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I Don't Belong Here


I walked into the country club dining room clinging tightly to my husband's arm.  I had agonized over what to wear and was thankful I had chosen very dressy over sort-of dressy as I scanned the sea of men and women wearing expensive formal wear.

What in the world was I doing here?

I didn't know anyone.  I didn't have a highfalutin career and I had purchased nearly everything I was wearing at a thrift store.

"I'm just a mom," I kept thinking over and over.

I had been in this position before as the wife of a husband in corporate America.  I had seen the blank stares when I said I stayed at home with our 6 children.  I had shut down entire conversations with the words, "I homeschool."  I was an anomaly and I would spend entire evenings trying to figure out how to convince people staying at home with my children hadn't dissolved my brain to mush.  I even thought, "If I could just slip in the fact that I'm a writer and a conference speaker or that I have a degree in English, then I would gain a legitimate place in this gathering."

But, even when I did manage to mention my outside-the-home status, I didn't feel any better.  I told myself I just didn't belong here.  I was a second-class citizen in a first-class world and I would never fit in.

So, I gave up.  I would sit there quietly and listen to office gossip, corporate politics, and a host of other things outside my realm of influence, never considering that I was sitting smack dab in the middle of my realm of influence.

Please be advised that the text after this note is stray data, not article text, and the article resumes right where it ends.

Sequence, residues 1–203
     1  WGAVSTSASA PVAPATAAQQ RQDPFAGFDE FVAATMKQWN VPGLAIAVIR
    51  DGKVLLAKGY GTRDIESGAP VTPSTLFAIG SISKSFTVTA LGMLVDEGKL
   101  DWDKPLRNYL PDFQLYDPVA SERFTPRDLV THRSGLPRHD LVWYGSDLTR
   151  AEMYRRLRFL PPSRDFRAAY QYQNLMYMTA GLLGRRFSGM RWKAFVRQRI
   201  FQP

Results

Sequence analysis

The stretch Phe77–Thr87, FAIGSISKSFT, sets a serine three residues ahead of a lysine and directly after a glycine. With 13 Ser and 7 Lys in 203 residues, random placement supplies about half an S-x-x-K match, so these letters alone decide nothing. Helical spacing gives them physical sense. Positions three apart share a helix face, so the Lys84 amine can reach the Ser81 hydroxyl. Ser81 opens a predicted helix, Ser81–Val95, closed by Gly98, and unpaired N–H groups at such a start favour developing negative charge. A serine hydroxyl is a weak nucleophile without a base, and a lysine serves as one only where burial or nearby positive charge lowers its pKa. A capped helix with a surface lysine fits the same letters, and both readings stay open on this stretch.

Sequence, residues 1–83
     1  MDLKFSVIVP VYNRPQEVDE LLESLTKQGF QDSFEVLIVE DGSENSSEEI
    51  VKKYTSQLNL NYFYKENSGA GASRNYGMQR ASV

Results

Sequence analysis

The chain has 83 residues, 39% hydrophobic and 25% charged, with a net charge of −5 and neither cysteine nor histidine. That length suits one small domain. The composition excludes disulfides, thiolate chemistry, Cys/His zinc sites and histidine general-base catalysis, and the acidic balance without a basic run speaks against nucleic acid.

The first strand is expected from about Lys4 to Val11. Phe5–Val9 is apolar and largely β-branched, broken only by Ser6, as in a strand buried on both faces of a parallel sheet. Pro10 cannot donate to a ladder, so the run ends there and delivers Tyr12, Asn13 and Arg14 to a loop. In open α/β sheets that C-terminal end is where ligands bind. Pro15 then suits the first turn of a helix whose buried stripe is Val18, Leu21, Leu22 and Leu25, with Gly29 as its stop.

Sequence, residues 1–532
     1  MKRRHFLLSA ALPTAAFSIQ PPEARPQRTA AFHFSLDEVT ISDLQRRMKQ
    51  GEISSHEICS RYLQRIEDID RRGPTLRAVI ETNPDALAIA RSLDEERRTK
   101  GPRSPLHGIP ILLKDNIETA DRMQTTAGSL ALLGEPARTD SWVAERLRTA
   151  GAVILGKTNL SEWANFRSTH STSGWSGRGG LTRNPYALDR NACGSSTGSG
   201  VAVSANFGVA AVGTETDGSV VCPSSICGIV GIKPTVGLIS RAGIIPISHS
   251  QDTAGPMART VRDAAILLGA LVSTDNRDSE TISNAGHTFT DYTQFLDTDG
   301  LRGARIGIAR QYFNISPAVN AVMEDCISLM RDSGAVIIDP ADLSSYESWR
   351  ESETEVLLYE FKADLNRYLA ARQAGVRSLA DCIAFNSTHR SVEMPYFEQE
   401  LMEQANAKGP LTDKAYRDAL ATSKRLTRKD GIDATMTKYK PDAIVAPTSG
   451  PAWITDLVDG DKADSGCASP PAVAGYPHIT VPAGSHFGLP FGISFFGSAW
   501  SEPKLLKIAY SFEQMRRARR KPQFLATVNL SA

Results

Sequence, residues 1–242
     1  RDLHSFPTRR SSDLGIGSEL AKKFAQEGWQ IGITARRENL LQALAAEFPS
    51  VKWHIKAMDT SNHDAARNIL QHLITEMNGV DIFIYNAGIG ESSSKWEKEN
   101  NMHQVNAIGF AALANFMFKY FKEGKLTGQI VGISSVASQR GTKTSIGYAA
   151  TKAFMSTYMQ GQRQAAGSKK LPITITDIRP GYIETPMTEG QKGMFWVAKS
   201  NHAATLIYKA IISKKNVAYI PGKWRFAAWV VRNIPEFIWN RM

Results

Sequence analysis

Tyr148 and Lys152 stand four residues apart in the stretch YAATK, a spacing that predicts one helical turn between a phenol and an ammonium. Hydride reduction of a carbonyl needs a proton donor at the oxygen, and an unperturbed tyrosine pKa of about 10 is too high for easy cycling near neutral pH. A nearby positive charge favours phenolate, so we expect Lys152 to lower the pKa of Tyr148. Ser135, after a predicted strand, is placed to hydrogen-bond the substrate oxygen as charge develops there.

You see, every time I say, "I stay at home with my 6 children," I hear some form of disparaging remarks about children being awful and irritating and how I must be a saint or super woman.  Usually I just smile and move on.

But what does that say?

It says only the most amazingly patient and organized woman could ever do this job.  Letting others believe a lie like that is doing a tremendous disservice to myself and the women around me.  Worst of all, it ignores God's mercy and grace in my life.

So, as I sat at that beautifully decorated country club table amongst women who had never stayed home with their children fielding questions about being organized and patient, I took a leap of faith.  Instead of my customary embarrassed smile, I said,

"Many people assume I am super patient and highly organized and that's the only reason I can do this, but I'm not any more patient than anyone else.  I do this by God's grace.  I couldn't do it any other way."

The truth is I don't belong here.

No Christian truly belongs here.  I live this life as a testimony to the Lord.  Rather than wondering whether or not I fit in, I should be wondering if I am being the hands and feet of Christ.  I should be wondering if my words and actions match my faith.  I should be wondering if people see God's perfect peace and unfailing mercy being lived out daily in the life of "just a mom."

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